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Montana Field Guide

Montana Field Guides

Northern Pike - Esox lucius

Native Species

Global Rank: G5
State Rank: S5

Agency Status
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General Description
The northern pike is Montana's lone representative of the pike family. It is native to Montana only in the Saskatchewan River drainage on the east side of Glacier Park. However, widespread introduction, both legal and illegal, now makes the northern pike a common gamefish statewide except for southwest Montana. Northern pike thrive in standing or slow-moving waters of lakes, reservoirs, and streams, especially where dense vegetation grows. Because of their voracious fish-eating habits they can literally eliminate their food supply in only a few years, leaving a population of terminally-stunted "hammerhandles." It is for this reason that widespread illegal pike introductions in western Montana have become a fishery manager's nightmare. And in the prairie streams of eastern MT, pike have caused widespread elimination of multiple native prairie minnow species (that did not evolve with predatory fish) in permanent and intermittent drainages. Northern pike spawn in early spring just after ice-off. They broadcast their eggs over flooded shoreline vegetation. The eggs adhere to the vegetation until the young are ready to swim on their own. Northern pike can grow to nearly 40 pounds in Montana and provide a truly outstanding sport and food fish in the appropriate waters.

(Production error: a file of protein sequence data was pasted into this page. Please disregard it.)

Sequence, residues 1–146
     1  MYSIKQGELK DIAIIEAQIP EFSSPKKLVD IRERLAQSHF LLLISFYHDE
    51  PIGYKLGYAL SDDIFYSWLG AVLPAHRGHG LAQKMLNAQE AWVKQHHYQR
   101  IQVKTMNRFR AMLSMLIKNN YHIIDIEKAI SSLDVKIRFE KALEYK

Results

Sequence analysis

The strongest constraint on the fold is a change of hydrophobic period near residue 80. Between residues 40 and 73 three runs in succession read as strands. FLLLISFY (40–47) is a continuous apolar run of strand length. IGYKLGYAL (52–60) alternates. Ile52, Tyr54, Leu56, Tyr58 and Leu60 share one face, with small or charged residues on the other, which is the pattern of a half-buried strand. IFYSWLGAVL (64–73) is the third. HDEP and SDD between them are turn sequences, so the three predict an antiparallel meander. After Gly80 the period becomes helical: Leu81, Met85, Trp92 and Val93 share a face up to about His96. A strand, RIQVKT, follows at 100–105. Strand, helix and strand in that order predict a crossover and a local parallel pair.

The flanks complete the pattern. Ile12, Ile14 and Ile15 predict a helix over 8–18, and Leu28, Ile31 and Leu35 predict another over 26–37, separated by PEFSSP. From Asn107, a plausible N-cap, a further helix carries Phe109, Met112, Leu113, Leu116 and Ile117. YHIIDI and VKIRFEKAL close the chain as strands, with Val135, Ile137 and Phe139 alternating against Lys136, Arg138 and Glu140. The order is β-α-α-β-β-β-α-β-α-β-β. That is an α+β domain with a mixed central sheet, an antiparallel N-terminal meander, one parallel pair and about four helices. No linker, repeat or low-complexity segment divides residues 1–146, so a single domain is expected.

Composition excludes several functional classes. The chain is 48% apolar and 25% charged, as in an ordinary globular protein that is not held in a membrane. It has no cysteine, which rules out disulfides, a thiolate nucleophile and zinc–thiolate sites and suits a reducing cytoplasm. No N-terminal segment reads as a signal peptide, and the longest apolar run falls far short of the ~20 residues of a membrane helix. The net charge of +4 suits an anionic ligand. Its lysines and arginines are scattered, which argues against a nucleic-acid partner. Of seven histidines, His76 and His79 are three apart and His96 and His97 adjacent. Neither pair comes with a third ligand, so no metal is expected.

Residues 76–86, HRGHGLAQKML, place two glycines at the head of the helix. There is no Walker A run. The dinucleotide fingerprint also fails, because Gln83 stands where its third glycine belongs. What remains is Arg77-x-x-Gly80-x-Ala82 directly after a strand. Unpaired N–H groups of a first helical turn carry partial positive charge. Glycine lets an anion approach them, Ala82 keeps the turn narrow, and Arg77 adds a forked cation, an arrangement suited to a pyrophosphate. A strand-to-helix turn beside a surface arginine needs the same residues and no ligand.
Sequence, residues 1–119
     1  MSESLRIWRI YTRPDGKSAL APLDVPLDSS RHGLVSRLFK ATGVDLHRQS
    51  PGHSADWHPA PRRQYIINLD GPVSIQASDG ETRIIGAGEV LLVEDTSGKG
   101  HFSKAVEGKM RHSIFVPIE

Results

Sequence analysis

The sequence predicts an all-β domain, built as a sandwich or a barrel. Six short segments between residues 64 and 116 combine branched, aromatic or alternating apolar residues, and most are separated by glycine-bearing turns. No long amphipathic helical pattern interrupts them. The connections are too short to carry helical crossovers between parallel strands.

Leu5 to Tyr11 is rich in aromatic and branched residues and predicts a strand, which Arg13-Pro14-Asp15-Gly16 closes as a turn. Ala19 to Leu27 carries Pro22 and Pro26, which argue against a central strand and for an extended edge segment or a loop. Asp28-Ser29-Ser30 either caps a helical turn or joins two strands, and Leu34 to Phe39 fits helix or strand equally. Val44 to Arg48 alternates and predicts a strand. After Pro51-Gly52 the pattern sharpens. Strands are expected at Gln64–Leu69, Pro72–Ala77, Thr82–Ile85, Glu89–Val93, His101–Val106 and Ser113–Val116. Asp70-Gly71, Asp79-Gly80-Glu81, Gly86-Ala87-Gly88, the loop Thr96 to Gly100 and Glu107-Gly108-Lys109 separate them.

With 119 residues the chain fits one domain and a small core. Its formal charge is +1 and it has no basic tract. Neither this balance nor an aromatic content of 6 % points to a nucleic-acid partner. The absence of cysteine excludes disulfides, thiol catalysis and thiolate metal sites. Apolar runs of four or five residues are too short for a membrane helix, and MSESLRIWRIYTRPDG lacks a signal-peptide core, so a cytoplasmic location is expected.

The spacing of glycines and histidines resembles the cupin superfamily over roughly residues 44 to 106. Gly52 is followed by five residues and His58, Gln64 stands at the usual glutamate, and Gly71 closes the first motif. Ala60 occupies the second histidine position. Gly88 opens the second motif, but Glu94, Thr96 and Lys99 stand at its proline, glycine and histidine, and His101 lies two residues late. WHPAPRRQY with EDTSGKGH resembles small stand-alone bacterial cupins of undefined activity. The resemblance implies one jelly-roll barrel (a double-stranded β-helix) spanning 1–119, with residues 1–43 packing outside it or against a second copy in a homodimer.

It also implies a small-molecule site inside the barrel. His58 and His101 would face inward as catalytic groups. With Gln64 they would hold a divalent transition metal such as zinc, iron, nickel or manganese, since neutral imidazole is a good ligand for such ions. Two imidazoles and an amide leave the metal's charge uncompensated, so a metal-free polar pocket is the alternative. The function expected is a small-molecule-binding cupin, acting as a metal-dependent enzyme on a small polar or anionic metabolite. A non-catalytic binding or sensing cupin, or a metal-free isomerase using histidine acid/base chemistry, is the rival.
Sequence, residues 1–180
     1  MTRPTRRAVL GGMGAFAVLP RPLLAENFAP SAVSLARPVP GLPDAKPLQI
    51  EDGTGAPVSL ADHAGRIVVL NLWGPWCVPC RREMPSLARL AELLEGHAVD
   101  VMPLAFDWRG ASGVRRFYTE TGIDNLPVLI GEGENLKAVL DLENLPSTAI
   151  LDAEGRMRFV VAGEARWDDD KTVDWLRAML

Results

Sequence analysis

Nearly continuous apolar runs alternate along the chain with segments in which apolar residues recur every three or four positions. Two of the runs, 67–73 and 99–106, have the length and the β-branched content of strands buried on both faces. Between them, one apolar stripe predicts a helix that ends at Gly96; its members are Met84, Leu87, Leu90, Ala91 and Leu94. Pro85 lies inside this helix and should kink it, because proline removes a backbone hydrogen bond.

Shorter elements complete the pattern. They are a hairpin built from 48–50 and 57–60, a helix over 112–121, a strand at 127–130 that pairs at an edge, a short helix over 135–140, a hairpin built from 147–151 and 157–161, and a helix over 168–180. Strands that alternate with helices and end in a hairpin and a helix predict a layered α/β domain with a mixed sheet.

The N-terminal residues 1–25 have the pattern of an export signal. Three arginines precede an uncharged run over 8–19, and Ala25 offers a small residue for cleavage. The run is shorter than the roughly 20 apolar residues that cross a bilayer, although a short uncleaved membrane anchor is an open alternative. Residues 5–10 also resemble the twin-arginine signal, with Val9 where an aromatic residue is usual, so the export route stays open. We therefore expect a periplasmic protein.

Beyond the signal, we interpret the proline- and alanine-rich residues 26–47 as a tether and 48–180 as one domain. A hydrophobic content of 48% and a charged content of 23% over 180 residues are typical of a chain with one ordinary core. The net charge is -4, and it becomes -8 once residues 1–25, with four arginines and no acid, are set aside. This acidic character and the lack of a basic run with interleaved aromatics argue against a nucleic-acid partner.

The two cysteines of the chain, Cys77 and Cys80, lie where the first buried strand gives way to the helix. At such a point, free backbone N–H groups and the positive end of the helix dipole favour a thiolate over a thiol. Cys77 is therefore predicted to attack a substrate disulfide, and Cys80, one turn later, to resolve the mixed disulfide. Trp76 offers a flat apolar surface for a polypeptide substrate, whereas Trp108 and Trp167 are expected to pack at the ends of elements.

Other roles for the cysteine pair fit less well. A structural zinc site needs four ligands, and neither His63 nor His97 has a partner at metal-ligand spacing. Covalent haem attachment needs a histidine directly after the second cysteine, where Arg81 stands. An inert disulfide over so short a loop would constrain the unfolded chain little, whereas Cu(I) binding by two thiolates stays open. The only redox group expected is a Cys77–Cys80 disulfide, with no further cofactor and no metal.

Species Range
Montana Range

All Ranges
Non-native
Native
(Click legend blocks to view individual ranges)
 


Observations in Montana Natural Heritage Program Database
Number of Observations: 2611

(Click on the following maps and charts to see full sized version) Map Help and Descriptions
Relative Density

Recency

 

(Observations spanning multiple months or years are excluded from time charts)



Migration
Have been shown to move long distances to spawn in tributary streams.

Habitat
Bays of lakes and reservoirs; pools and backwaters of streams. Seeks areas with dense vegetation. (Holton 2003)

Food Habits
Highly piscivorous. Feed almost exclusively on fish after reaching 3-4 inches in length. Other vertebrates also taken. Use vegetation as hiding spots to ambush prey.

Ecology
Females larger than males. Reproductive success in reservoirs may parallel the fluctuating water levels. Small weedy tributaries are important spawning areas in southeast Montana; also used as rearing areas.

Reproductive Characteristics
Males reach sexual maturity in 2 years. Spawns after ice-out in March - May. Eggs stick to vegetation and hatch in 2 weeks. Spawned early April-mid May in middle Missouri River with late April to early May peak.

References
  • Literature Cited AboveLegend:   View Online Publication
    • Holton, G.D. and H.E. Johnson. 2003. A field guide to Montana fishes. 3rd edition. Montana Fish, Wildlife & Parks, Helena, MT. 95 pp.
  • Additional ReferencesLegend:   View Online Publication
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    • Barfoot, C.A. 1993. Longitudinal distribution of fishes and habitat in Little Beaver Creek, Montana. M.Sc. Thesis. Bozeman, MT: Montana State University. 66 p.
    • Barndt, S.A. 1996. The Biology and Status of the Arctic Grayling in Sunnyslope Canal, Montana. M.Sc. Thesis. Bozeman, MT: Montana State University. 136 p.